I may be late to the party on this one, but it’s a good party, and still going strong. As a matter of policy, I’m not leaving ’till we kill the keg.
The above video is a promotional piece for the book, Yiddish with Dick and Jane, by Ellis Weiner and Barbara Davilman. A funny idea, of course, but it’s the execution that makes it so great.
Jane is in real estate.
Today is Saturday.
Jane has an open house.
She must schlep the Open House signs to the car.
See Jane schlep.
Schlep, Jane. Schlep.
Schlep, schlep, schlep.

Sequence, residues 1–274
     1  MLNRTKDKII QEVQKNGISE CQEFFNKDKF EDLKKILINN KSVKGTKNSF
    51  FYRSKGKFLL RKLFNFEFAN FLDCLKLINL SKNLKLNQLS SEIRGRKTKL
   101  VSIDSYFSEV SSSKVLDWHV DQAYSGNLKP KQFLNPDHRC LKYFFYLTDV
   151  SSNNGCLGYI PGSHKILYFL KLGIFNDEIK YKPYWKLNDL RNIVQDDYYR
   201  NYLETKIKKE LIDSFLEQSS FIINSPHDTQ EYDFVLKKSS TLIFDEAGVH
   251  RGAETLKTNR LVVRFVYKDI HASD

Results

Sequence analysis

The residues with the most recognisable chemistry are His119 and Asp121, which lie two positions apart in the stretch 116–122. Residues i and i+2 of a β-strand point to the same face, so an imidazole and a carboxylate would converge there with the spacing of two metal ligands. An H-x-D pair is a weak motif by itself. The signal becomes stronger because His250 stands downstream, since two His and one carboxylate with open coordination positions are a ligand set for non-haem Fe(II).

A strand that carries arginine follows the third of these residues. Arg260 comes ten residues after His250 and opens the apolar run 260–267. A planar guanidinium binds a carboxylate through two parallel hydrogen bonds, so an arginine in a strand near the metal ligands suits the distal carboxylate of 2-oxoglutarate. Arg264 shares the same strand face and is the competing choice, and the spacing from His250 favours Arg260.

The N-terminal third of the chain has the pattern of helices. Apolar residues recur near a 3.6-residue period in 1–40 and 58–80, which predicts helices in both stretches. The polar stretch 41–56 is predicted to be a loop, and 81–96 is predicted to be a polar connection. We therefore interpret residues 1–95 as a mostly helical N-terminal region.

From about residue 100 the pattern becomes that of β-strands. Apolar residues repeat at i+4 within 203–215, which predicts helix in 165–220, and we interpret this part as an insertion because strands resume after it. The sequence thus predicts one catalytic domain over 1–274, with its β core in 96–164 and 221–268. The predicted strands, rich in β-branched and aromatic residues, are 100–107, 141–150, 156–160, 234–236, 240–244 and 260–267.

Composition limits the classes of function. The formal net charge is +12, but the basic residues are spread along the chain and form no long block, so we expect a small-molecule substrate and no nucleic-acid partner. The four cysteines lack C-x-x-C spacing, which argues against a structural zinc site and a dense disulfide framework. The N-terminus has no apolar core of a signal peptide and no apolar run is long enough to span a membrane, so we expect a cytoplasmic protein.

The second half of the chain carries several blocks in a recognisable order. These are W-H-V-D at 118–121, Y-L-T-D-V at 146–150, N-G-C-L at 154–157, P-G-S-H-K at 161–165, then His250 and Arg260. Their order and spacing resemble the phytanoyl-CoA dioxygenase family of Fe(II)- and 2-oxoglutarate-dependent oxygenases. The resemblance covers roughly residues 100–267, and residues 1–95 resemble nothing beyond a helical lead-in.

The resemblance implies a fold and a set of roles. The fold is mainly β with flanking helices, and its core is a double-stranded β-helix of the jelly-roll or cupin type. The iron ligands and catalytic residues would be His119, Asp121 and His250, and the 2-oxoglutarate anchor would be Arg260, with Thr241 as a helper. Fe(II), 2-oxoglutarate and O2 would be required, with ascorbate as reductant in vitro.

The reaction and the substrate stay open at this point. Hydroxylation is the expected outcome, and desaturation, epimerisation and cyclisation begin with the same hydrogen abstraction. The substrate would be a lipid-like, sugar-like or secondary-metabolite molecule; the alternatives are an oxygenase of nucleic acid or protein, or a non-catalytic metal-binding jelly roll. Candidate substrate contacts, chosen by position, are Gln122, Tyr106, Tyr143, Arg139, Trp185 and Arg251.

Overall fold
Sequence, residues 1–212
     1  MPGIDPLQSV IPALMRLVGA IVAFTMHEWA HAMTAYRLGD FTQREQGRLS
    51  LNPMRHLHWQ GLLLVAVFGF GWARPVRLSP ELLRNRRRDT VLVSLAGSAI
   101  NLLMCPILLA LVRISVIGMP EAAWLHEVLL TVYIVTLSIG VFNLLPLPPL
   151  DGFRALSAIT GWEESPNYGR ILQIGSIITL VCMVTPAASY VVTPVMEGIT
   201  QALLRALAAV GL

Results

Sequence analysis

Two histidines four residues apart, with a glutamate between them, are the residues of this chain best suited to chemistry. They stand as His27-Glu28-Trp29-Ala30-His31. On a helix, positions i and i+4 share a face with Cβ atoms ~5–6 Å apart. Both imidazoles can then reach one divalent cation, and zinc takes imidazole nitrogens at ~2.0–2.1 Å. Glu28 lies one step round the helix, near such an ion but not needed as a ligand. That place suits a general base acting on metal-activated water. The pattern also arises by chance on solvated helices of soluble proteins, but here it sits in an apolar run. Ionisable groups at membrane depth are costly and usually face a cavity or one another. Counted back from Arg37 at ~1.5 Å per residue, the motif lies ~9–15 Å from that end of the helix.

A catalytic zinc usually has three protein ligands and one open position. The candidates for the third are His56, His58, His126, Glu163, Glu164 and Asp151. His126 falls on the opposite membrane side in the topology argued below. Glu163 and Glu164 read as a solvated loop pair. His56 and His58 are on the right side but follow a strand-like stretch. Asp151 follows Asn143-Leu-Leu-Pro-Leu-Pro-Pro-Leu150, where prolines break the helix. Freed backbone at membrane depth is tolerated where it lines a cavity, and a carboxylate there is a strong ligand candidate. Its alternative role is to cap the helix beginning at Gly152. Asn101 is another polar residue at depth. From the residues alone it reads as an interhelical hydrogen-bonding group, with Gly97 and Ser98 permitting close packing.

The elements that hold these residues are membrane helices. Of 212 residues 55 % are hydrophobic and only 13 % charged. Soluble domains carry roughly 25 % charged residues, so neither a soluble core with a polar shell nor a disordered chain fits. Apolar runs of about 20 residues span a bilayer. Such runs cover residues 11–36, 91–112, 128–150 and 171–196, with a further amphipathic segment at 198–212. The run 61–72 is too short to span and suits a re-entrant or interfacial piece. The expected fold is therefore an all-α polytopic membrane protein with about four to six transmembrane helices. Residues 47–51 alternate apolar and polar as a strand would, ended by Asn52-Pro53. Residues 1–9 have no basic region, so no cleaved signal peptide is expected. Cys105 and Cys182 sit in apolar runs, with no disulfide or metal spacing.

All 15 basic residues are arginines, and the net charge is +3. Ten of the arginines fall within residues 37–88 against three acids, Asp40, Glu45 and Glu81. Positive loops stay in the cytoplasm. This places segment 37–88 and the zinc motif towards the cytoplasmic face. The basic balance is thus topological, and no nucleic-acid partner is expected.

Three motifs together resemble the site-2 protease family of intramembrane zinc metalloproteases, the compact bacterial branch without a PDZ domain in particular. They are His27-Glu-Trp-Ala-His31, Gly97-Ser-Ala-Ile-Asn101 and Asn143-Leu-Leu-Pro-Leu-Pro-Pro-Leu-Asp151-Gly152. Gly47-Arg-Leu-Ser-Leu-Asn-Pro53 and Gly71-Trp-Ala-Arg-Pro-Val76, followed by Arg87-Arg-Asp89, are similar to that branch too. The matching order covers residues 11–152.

Dick and Jane are all grown up, and they’re living in the real world — and it’s full of tsuris (troubles). That’s the premise of this hilarious little book, which functions both as a humorous tale and a genuine guide to a language with a sentiment and world view all its own. Jane is married to Bob and has two perfect children. Dick schmoozes with business people over golf: “Schmooze, Dick. Schmooze….” Their sister, Sally, who teaches a course in “Transgressive Feminist Ceramics,” can see that life is not perfect, even though dear Dick and Jane cannot. Their mother has a stroke (“Oy vey, Jane,” says Dick when he learns the news). Bob’s best friend’s wife is having an affair because the best friend himself is gay (“‘Tom is more than gay, Sally,’ says Dick. ‘He is overjoyed.’… ‘Oy Gotenyu oh, God help us,’ sighs Sally.”) And purse dealers take advantage of the gullible. The brief story is priceless, but the equally funny glossary is a great reference to which readers can return any time they need the right Yiddish word-or whenever they need to determine whether the jerk they just saw is a putz, a schmo or a schmuck.